Chinese workers play pivotal role in building America's first transcontinental railroad

Time: 2019-05-08
Summary: China steel tube

Chinese railroad workers were highly disciplined and well organized, and they made huge contributions to the first American Transcontinental Railroad that put the United States on a path to economic prosperity, a docent of the California State Railroad Museum told Xinhua Tuesday.

James Provence, a veteran docent at the Railroad Museum in Sacramento, capital of California, said he was enthusiastic about the contributions of the Chinese railroad workers who labored in brutal conditions to build the first American rail infrastructure project 150 years ago.

"They cleared trees, leveled roadbeds, constructed tunnels through solid granite, blasted mountainsides, bridged gorges and filled the ravines," he said during an exhibition marking the 150th anniversary of the completion of the 1,912-mile (about 3,077 km) Transcontinental Railroad.

"At the peak time, more than 12,000 Chinese immigrants were working at the construction sites day and night, doing dangerous work like hanging on the side of a cliff to bore a hole on the solid granite. Many of us feel that the railroad over the Sierra Nevada mountains would not have been completed without the Chinese workers," Provence added.

They made huge contributions to the American economy because the railroad they built connected California with the rest of the United States and helped increase trade between various parts of the country, he said, adding that some of the tunnels they constructed are still used today.

For a long time, the role of the Chinese railroad workers has been forgotten in American history, and they were prejudiced because of the Chinese Exclusion Act, Provence said.

"That's why I'm working in this museum and I am very enthusiastic about the Chinese contributions. One of the things we are trying to do in the museum now is to tell more stories about the people. I feel like it's kind of my job to learn more about it and pass that on to other people," he said.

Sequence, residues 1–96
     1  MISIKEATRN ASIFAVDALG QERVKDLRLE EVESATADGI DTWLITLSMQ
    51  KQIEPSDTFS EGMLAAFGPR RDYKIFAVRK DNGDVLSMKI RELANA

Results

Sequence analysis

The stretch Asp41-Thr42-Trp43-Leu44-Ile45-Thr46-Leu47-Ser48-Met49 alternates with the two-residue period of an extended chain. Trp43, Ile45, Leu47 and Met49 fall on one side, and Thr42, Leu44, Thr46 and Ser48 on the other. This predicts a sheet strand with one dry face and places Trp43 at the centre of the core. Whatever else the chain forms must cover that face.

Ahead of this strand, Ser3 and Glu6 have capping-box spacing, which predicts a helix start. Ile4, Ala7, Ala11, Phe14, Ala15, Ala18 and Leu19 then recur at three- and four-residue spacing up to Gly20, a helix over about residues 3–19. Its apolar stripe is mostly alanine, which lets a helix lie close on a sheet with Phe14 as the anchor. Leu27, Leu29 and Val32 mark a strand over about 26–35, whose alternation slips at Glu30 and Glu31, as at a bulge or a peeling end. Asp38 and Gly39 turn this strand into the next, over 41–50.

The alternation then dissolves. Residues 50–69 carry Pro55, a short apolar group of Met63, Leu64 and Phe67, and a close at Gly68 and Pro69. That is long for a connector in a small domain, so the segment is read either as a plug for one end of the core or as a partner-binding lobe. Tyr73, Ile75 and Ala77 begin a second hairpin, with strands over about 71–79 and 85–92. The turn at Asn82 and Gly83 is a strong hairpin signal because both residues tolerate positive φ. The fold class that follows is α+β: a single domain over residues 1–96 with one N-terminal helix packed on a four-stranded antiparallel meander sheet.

Carolyn Huntley, another docent at the railroad museum, said the exhibition of the story about the Chinese workers occupies a big part of space inside the facility. "It's a core of the museum."

She said the Chinese workers really had a hard time while building the transcontinental railway, and their legacy is still benefiting Californians.

She said the exhibition would have more American people know the real stories about the Chinese railroad workers, which would bring the people of the two countries together.

The California State Railroad Museum will open free to the general public on May 8, the 150th anniversary of the completion of the American Transcontinental Railroad.

A series of events, activities and exhibits will be staged in Sacramento on that day to celebrate the milestone in the history of the American rail infrastructure construction.

Such celebrations will include a huge procession in the area of Old Sacrament City re-creating a historic moment that took place on May 8, 1869, when the railroad was completed, featuring flags, music, historic fire brigade, and horse-drawn carriages.

An official public ceremony will be held to unveil a new bronze plaque at "mile marker zero" at the western terminus of the Transcontinental Railroad.

The Transcontinental Railroad was declared complete on May 10, 1869, after Leland Stanford, one of the four major investors, drove a ceremonial Gold Spike at Promontory Summit, Utah State.

But Sacramento city commemorated the finished project on May 8, 1869, two days before the rest of the nation did, because the plans had been put in place and dignitaries were already poised to participate in the celebrations, whose original completion date was delayed by two days due in part to a labor dispute and a major storm.

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